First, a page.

Hugo Chavez announced that he needs surgery to remove a lesion that has been discovered in his pelvic region. Chavez added that the legion is probably not benign since it is located where a cancerous tumor was removed last year. The thing Rory Carroll, the UK Guardian’s Caracas based correspondent,takes away from this news is that Chavez opponents have been vindicated:
["Hugo Chávez to undergo more surgery"
“Ministers mocked reports he had returned to Havana for tests only for the president to confirm them on Tuesday, first in a live television broadcast from a factory in his home state, Barinas, then in the phone calls to state television.”
However, as Tamara Pearson reports, the opposition has spread wild rumors about Chavez’s health:
“Private Venezuelan press had speculated about the fact that Chavez had not being seen in public for a few days, and suggested his cancer was ‘spreading’ and there was ‘metastasis’. Reportero 24 said it had advanced to the liver…national private media has regularly quoted ‘experts’ or people with ‘inside contacts’ saying that the president has just ‘one year to live’ or casting doubts on the real state of his health. In September the Miami-based El Nuevo Herald quoted unnamed sources claiming the president had been ‘rushed to an emergency room’ and suffered kidney failure, was on dialysis, and had aplastic anaemia. Other media outlets repeated the story.”
The opposition’s reckless, and ghoulish, reporting on Chavez’s health does not make it into Carroll’s article except as an allegation made by Chavez himself. But Carroll must know that this is a fact, not an allegation.
“Analysts said a sympathy bounce for Chávez could be small compensation for losing his aura of invincibility.”
Is the opposition trying to milk Chavez’s health problems for all the political advantage they can – perhaps believing they can damage what they see as the Chavez “aura of invincibility”? As is typical for Carroll, this question cannot be asked even though it is clearly prompted (perhaps inadvertently) by what the unnamed “analyst” said to him.
Rory Carroll never reported that prominent Chavez opponents backed the coup that ousted Manuel Zelaya in Honduras and expressed hope that something similar could happen in Venezuela.  Carroll has never reported that hundreds of Chavista peasants have been murdered by gunmen linked to wealthy landowners. Suppressing the way the opposition has sought to profit from Chavez’s health problems is minor compared to those and countless others lies of omission.  However, it is striking how an outlet regarded as “left leaning” mounts such a persistent campaign against a democratic government that the US government despises and is seeking to overthrow. Rory Carroll’s reports alone have accounted for about 75% of the Guardian’s output about Venezuela since 2006. Only about 15% of all Venezuela related articles and op-eds have offered an alternative perspective.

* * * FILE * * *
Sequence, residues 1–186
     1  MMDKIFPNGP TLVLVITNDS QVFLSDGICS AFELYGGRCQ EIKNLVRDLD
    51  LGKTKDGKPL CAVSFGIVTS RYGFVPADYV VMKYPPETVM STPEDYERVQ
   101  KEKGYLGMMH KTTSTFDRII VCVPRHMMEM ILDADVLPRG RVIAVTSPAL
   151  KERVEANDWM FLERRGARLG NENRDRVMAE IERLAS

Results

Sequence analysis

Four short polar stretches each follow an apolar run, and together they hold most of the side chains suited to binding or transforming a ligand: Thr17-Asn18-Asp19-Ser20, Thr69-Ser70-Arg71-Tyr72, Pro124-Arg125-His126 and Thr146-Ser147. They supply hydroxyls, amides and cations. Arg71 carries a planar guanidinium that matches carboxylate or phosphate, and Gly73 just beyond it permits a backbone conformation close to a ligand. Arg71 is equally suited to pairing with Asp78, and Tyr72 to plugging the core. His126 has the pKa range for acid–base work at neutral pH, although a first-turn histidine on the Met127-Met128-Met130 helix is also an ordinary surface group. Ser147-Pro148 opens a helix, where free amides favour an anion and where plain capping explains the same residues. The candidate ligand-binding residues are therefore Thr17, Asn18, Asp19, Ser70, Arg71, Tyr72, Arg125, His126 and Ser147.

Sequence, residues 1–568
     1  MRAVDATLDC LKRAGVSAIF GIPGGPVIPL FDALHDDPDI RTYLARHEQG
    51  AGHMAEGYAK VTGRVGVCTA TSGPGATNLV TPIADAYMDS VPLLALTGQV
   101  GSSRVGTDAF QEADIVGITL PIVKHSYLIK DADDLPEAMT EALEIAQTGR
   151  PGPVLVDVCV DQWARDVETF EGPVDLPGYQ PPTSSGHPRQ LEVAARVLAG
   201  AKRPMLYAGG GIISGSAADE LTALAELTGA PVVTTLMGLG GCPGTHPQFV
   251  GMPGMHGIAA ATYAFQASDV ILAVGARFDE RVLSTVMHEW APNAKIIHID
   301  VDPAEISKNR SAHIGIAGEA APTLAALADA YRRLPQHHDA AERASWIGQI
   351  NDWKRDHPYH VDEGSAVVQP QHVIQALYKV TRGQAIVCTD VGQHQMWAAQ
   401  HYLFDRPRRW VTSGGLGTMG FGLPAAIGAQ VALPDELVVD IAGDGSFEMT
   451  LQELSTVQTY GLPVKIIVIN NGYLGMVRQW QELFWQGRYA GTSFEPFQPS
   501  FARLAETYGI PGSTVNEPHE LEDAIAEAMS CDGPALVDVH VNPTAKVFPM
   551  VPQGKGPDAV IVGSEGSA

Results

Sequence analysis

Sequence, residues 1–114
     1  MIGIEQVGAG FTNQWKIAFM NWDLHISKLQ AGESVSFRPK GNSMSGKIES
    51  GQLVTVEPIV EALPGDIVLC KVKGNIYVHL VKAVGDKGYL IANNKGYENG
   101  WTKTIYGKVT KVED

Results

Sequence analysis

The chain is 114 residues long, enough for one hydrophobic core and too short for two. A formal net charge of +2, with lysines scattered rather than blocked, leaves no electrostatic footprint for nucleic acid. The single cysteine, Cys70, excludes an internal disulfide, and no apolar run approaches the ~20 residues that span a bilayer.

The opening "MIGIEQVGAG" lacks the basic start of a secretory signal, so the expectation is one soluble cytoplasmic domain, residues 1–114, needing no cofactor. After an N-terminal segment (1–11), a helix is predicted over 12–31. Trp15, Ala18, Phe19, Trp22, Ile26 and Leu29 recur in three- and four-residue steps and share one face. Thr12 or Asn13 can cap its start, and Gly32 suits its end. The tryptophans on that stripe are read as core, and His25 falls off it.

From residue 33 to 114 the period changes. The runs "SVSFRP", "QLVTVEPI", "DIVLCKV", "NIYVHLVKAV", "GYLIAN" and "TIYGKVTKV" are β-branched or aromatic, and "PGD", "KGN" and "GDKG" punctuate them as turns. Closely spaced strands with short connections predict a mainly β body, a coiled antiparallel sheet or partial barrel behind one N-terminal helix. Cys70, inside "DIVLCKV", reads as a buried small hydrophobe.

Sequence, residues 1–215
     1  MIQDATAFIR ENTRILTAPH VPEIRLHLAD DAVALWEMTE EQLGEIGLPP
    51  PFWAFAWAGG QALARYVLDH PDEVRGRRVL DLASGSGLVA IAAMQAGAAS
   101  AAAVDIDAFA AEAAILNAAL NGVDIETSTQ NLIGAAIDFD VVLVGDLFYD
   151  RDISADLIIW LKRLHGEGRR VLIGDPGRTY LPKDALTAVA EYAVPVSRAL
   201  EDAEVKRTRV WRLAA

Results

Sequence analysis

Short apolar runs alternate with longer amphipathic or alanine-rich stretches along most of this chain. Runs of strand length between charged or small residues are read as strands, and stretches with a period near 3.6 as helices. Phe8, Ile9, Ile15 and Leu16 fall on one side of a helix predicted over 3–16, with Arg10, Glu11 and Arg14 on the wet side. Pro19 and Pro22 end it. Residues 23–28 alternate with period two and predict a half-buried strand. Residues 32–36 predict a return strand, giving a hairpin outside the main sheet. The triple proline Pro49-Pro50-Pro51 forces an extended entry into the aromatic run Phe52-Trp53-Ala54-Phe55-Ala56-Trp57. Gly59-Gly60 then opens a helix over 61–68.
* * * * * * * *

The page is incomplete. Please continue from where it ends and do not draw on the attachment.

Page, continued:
In fairness to Rory Carroll, while there can be no doubt that he participates eagerly in the Guardian’s campaign against the Chavez government; there can also be no doubt that his editors are fully aware and supportive of the comically biased nature of their Venezuela coverage.
 For example, Guillermo Zuloaga, the president of Globovisión, stated on 17 July that “the government of Micheletti complies with the Constitution, and we would like, indeed we would be delighted, if here in Venezuela, the Constitution was respected in the same way that it is in Honduras,”
 An archive of unanswered emails to Rory Carroll and his editors